Founder of Upright Citizens Brigade, Burlington native, gifted comedian, and…career guru?
In her memoir “Yes Please,’’ Amy Poehler tackles an array of topics, from relationships to motherhood to work life. Despite being laugh-out-loud funny, Poehler delivers some real nuggets of wisdom. Here are a few pieces of career advice that had us saying, “Yes, please.’’
1. “Creativity is connected to your passion, that light that drives you. Career is different. Career is the stringing together of opportunities and jobs . . . career is the thing that will not fill you up and never make you truly whole.’’
Chase your passion and hope that the universe opens the right doors for you. If that doesn’t work out, though, don’t lose your hobbies in pursuit of your career. Failure to make it to the major leagues doesn’t mean you can’t start an adult softball team.
2. “I think we should stop asking people in their twenties what they ‘want to do’ and start asking them what they don’t want to do. Instead of asking students to ‘declare their major’ we should ask students to ‘list what they will do anything to avoid.’’’
This doesn’t only apply to college students. Sometimes the best place to start is with the negatives. If you’re feeling unmoored in your job search, taking stock of what you’re not looking for could provide you a bit of direction.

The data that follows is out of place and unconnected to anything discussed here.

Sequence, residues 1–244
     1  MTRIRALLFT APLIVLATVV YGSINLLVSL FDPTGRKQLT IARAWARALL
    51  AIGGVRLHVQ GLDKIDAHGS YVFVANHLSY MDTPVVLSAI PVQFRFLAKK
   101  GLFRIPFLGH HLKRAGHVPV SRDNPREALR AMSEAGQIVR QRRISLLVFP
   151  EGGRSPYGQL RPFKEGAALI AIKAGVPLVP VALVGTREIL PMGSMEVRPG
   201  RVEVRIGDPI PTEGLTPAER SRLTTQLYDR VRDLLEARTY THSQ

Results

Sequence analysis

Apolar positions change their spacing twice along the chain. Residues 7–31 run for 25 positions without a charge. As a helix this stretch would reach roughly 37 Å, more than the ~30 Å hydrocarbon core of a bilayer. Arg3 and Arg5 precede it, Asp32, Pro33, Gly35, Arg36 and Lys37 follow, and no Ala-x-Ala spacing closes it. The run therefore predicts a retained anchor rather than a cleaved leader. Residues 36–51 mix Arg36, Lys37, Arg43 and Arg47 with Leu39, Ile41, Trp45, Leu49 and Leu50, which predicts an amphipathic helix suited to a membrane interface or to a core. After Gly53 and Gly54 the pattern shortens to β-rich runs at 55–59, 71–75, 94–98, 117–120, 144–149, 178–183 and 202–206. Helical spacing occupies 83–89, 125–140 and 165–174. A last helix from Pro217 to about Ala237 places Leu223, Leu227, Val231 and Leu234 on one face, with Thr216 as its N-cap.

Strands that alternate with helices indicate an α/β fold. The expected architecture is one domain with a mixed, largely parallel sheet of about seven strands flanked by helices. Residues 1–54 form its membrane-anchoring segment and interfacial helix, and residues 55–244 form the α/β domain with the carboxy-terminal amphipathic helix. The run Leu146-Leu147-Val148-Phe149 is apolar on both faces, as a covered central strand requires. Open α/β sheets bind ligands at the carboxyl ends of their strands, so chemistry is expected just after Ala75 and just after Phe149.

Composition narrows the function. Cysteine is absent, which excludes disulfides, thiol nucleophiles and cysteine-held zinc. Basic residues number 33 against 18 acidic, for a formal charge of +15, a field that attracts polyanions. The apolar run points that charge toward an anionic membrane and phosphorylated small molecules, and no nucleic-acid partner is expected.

3. “You have to care about your work but not about the result.’’
Strive to be the boss because your skill set and work ethic demand it, not simply to get the title of CEO. And just because something didn’t work out, doesn’t mean it wasn’t worth pursuing.
4. “You have to care about how good you are and how good you feel but not about how good people think you are or how good people think you look.’’
Worry about doing a good job, not about reviews. If you’re doing a good job, the reviews should naturally follow. Sometimes it doesn’t, though, and if that’s the case it’s out of your hands anyways. Don’t waste your energy agonizing.
5. “Practice ambivalence. Learn to let go of wanting it.’’
Poehler definitely doesn’t preach visualization, and is the “lean out’’ to Cheryl Sandberg’s “Lean In’’. If you can loosen your desperation for the end result, the journey itself will be far more satisfying.
6. “It doesn’t matter how much you get; you are left wanting more. Success is filled with MSG.’’
You’ll never be satisfied. And sometimes that’s okay. This insatiability can help you keep climbing the corporate ladder, or drive you to meet new goals. Just don’t allow the allure of ‘more’ seduce you into trying to eat a serving of lo mein meant for 12 people.
7. “Treat your career like a bad boyfriend…Your career wont take care of you. It won’t call you back or introduce you to its parents. Your career will openly flirt with other people while you are around.’’
Don’t sacrifice your life for your job, especially because stability is hard to come by in the working world. If your career is a bad boyfriend, your hobbies and personal life are the supportive friends who get you through the breakup. Plus, Poehler reminds us, “If your career is a bad boyfriend, it is healthy to remember you can always leave and go to sleep with somebody else.’’